Rewards for overseas investments outweigh the problems and hurdles

By Luo Zhongwei (China Daily)
Updated: 2010-08-20 16:28
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As China earns a more important role in the global market partly due to the financial crisis, Chinese enterprises have been given more opportunities to globalize.

In reality, having risen to a major force in cross-border mergers and acquisitions (M&A) and international Greenfield investments, Chinese enterprises have become the focus at home and abroad.

Compared with domestic investment, investment in foreign companies is more complicated and risky. Cross-border M&A, in particular, requires more mature conditions and operating skills.

Rewards for overseas investments outweigh the problems and hurdles

Though Chinese overseas investment is booming, there are already signs it facing protectionism. For instance, institutional barriers to entry, which is highly targeted, are increasing.

In industries concerning national security, media and public opinion in some countries, Chinese investment is either blocked or limited.

Chinese enterprises are apparently confronted with more and more discrimination. They have to go through harsh antitrust inquiry and national security investigation when investing in sensitive industries.

In the US, many political forces have always been wary about China's rapid rise. Many US enterprises are hostile to Chinese investment due to the fear the expansion of Chinese enterprises could threaten their interests.

Protectionism, in forms of policy barriers, political interference, protest of trades, is the crux of many failed cases in recent years.

A bid by China Aluminum Corporation, or Chinalco, to take over Australia's mining giant Rio Tinto went nowhere as a result of political interference.

Recently, Huawei, one of China's leading telecom solutions providers, failed again to buy part of an American company's assets, days after its first frustrated effort at another American company.

Chinese investors also suffer in countries such as Cambodia and Zimbabwe. Moreover, Chinese enterprises are confronted by more and more business litigation in the US. Many of them, not experienced enough, are on the ropes.

Although protectionism is likely to be increasingly serious, attempts at overseas investments should not be given up.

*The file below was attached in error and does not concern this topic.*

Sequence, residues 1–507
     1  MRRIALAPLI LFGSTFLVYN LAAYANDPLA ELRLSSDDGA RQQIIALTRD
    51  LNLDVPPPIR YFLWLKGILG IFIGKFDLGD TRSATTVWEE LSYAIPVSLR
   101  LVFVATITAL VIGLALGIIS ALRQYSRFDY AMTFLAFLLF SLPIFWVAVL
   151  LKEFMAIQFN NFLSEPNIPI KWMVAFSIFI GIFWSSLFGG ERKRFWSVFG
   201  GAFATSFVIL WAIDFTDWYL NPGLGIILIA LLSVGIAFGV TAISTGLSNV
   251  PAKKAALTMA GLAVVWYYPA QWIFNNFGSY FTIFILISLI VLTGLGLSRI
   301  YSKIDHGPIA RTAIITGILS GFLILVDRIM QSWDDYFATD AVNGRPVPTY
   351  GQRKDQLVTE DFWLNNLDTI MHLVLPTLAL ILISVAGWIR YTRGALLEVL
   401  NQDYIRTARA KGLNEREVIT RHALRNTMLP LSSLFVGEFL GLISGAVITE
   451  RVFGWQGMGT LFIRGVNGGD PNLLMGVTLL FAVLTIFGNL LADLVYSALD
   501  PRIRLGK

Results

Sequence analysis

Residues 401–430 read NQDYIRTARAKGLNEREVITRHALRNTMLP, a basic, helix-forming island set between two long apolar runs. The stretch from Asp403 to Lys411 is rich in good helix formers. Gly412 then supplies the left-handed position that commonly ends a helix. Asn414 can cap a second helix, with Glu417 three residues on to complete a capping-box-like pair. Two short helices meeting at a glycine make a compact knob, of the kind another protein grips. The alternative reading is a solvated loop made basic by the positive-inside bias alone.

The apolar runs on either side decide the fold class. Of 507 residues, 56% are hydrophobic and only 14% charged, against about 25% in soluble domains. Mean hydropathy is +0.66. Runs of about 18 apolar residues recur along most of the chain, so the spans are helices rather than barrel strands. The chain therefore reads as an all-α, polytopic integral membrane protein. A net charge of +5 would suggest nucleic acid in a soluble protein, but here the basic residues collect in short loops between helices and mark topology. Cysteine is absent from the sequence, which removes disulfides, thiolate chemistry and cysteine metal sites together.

It is inevitable for Chinese enterprises to compete for resources in the global market.

They should be more determined and confident. In the short term, overseas investment is an effective way for Chinese enterprises to grow.

The financial crisis gives them an opportunity to step into the overseas investment market.

In the long run, there's no doubt a number of Chinese enterprises will make their presence felt in the global market, sooner or later.

Therefore, rules governing in overseas investments and cross-border M&A are a must. Overseas resources, potential markets, overseas market share are not the only reasons that make overseas investment necessary. Skills of overseas investing and industry restructuring, advanced technologies and managerial skills and abilities to integrate resources are even more important reasons.

Chinese enterprises are expected to ascend from the low end to high end of the value chain. Nothing else but practice can bring about skills and experience. Even with the knowledge of rules and regulations in host countries, and laws of the market, a good understanding of potential opportunities and risks can facilitate the process. But the cost is inevitable. No pain, no gain.

On the other hand, the government should help enterprises when necessary to obtain an advantage. There are three ways.

First, the government should be open to overseas investments in China and reiterate its denunciation of protectionism according to World Trade Organization rules in order to create a favorable political and public opinion environment for the enterprises.

Second, different strategies should be used to cope with investments in different industries. State-owned emprises should firmly insist on acquiring and buying resources and products in industries concerned with the crucial development of China's national economy after scientific decision-making and scrutiny, provided the government shoulders certain risk and responsibility.

Overseas investment in these industries should also be the target of the country's huge foreign exchange reserve. For other profit-driven investments, common enterprises should be the driving force. They are free to decide whether or not to jump into the pool according to their capability, capital, anti-risk capability and corporate strategy.

Even if some investments are not in the national interests, the government can only adjust them by national laws and regulations, rather than directly intervene in them.

Finally, saying that private enterprises should play the main role in common overseas investments do not mean the government should drop out.

To provide enterprises with convenience to M&A and advice on avoiding and manipulating risks is one advantage of the Chinese system.

The government can take at least the following measures: to establish and improve the system targeted at overseas investments, including information service, technical support and training, to strengthen financial support to enterprises engaged in overseas investments and to encourage the development of intermediaries committed to overseas investments.

The author is a researcher at the Chinese Academy of Social Sciences.

For China Daily